Chesapeake Board of Historic & Architectural Review


  • 5:30 p.m.
  • 1st Thursday of every month
  • Public Safety Operations Center
    2130 S Military Highway

These meetings are open to the public and any one or several members of the Chesapeake City Council may choose to attend.

September 2023

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Agendas & Minutes

Agendas are available prior to the meetings. Minutes are available following approval.

View Most Recent Agendas and Minutes


View the Board of Historic and Architectural Review Members (PDF).

The Planning Department has recently kicked off an update to the South Norfolk Historic District and Procedural Guidelines. Further information can be found on the South Norfolk Design Guidelines Update webpage.


The Historic and Architectural Review Board is primarily tasked with the administration of Certificate of Appropriateness applications. Other duties and obligations of the Board are assigned to it under Article 12 of the Chesapeake Zoning Ordinance, including, review of petitions to include additional lands in a historic and cultural preservation overlay district, review of and action upon requests for certificates of appropriateness, administration of architectural guidelines and procedural guidelines for the Historic Preservation Overlay District, and hearing of appeals from notices issued for violation of the requirements of the Historic and Cultural Preservation Overlay District or for violation of the terms and conditions of a certificate of appropriateness and from the revocation of a certificate of appropriateness. (City Code Sec 2-620.13)

Historic District

Certificate of Appropriateness

The purpose of the Historic Preservation Overlay District and the Historic and Architectural Review Board is to protect the character of historically significant neighborhoods. If an exterior modification is planned and your property is located within the local historic district, a Certificate of Appropriateness (PDF) may be issued if the proposed change will be compatible with the surrounding area. The procedures vary depending on what is being proposed, ranging from repairs, regular maintenance, alterations and material changes. In all cases a Certificate of Appropriateness is required. 

Application / Instructions for Certificate of Appropriateness and brochure explaining the Certificate of Appropriateness (PDF)

Contributing Structure 

A "contributing structure" is a building or home that is built between 1890 and 1937. These years are what is referred to as a "period of significance" which is acknowledged by the South Norfolk Historic District Nomination Report (1989) for the architectural styles associated with that time period.  The period of significance in this case, 1890-1937,  follows the establishment and growth of the South Norfolk Historic District as a primarily residential community. All structures built prior to 1938 are considered contributing structures.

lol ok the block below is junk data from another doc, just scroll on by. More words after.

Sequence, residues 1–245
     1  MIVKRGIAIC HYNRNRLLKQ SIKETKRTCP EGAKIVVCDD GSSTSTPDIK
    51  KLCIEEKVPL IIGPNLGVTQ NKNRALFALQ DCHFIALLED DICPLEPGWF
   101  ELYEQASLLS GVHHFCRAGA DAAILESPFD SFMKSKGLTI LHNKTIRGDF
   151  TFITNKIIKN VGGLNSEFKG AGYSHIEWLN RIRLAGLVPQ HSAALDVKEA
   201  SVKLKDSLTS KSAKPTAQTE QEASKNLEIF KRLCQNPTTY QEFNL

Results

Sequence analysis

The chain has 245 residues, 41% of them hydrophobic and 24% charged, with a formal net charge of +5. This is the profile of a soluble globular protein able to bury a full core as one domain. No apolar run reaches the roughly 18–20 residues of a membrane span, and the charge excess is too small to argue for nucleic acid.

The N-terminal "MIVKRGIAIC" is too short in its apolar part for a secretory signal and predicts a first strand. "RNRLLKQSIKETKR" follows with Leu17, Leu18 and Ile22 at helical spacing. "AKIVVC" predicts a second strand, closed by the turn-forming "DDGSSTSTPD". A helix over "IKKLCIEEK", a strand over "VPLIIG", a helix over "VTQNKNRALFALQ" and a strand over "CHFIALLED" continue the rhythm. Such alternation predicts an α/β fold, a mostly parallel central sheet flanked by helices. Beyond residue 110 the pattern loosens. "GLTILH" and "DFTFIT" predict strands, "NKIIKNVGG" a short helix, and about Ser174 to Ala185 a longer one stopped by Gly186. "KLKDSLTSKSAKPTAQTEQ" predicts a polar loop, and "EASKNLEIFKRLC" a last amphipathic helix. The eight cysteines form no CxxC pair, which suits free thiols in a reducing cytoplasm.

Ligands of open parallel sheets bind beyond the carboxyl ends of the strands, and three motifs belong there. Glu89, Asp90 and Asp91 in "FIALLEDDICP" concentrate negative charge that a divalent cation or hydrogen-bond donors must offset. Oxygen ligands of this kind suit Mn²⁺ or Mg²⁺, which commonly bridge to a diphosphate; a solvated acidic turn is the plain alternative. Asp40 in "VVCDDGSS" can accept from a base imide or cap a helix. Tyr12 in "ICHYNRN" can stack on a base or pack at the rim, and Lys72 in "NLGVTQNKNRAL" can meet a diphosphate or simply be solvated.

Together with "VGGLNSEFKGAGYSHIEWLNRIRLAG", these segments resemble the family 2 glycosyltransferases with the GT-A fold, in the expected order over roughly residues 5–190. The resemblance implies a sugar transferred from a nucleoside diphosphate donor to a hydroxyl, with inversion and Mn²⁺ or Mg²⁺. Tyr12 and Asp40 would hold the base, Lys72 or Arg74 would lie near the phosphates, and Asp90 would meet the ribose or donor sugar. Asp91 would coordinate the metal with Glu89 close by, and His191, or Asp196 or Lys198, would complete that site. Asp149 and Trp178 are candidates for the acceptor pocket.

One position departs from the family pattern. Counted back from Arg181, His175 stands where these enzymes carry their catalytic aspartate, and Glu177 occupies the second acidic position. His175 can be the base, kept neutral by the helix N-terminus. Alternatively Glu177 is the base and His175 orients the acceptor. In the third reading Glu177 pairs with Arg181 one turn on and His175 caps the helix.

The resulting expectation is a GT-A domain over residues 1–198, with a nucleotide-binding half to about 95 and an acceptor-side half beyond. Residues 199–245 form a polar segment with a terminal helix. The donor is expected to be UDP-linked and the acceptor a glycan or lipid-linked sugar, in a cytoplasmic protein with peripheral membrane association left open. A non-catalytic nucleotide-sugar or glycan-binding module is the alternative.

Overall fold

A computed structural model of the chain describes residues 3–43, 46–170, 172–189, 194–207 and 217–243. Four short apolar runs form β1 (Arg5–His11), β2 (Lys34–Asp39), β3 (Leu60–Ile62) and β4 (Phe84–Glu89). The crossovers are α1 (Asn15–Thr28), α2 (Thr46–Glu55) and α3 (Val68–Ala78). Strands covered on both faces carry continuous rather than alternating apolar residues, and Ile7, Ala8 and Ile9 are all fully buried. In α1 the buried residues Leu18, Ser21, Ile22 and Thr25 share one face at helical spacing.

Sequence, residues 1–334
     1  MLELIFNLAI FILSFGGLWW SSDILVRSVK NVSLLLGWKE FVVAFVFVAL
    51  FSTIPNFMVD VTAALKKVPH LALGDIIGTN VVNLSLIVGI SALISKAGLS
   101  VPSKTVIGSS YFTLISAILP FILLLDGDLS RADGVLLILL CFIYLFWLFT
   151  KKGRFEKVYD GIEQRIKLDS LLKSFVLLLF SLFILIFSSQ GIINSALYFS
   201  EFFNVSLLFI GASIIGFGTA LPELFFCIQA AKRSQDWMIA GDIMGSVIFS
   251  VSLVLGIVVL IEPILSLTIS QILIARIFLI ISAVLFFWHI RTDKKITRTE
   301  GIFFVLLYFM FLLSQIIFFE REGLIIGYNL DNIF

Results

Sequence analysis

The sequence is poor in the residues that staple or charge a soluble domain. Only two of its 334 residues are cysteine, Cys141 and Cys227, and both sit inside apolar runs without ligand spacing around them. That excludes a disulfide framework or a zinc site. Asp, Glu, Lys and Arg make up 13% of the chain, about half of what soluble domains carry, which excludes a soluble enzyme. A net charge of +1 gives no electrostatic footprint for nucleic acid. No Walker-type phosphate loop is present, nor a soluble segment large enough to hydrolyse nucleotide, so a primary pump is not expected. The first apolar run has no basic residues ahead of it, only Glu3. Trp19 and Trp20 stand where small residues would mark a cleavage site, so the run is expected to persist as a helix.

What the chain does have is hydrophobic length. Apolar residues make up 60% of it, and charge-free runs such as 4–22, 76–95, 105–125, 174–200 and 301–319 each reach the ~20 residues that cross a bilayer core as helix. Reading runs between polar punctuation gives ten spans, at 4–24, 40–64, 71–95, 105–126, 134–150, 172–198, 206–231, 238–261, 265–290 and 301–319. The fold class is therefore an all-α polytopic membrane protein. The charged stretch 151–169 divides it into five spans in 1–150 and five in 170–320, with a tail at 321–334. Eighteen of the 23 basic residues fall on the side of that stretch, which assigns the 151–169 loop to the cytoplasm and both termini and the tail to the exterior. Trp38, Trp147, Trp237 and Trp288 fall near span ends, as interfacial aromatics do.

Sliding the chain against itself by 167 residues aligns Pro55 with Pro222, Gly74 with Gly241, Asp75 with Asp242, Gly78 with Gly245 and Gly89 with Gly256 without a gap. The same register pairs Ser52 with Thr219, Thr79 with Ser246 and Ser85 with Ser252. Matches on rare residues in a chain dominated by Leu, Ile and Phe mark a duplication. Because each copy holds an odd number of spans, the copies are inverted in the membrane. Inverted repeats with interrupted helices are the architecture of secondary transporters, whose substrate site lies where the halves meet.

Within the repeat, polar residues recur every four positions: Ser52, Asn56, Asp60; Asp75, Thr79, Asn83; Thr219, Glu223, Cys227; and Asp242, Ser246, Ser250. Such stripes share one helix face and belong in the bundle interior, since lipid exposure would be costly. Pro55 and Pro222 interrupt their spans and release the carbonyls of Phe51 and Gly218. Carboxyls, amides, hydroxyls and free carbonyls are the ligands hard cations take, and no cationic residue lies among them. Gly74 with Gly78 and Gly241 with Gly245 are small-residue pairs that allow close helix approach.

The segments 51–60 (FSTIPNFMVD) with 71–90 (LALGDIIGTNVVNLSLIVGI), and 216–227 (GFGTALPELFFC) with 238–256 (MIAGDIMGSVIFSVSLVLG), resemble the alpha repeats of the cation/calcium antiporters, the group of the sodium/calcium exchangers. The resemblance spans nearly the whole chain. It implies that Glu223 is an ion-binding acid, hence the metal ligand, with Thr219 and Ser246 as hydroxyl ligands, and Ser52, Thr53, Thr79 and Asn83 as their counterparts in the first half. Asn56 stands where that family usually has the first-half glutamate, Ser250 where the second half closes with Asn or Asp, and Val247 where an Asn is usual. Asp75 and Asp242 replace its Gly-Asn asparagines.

The Architectural Review Board recognizes that many properties in the district were built after the period of significance and are therefore "non-contributing." However, these non-contributing buildings and structures are still subject to the Overlay District Ordinance. Non-contributing structures may often fall under administrative certificates of appropriateness and may not require Board review, provided appropriate colors resembling the Benjamin Moore Historical Collection, materials, and style for surfaces, roofs, and fences are used (see Appendix B) with the exception of new construction, driveways, hardened surfaces, porches, decks, and new additions, or as otherwise noted, which are approved by the Board. In cases where the date of the structure is unknown, it will be considered contributing unless the applicant can provide documentation to the Planning Director or designated representative confirming the structure is non-contributing.

Residential Historic Material Roofing

Roofs are key architectural elements of the South Norfolk Historic District and should be maintained if at all possible. However, there is no material substitute for some historic material roofs, and the cost of a new historic material roof is typically higher than that of an asphalt shingle roof, which may put an undue financial burden on some homeowners. A homeowner occupying a housing unit within the district may apply for a financial hardship determination to replace an existing historic material roof with an architectural asphalt shingle roof if certain criteria are met. Because historic material roofs are distinguishing features of the historic district, every attempt should be made to repair and replace them with the same material.

View the Residential Historic Material Roofing page.

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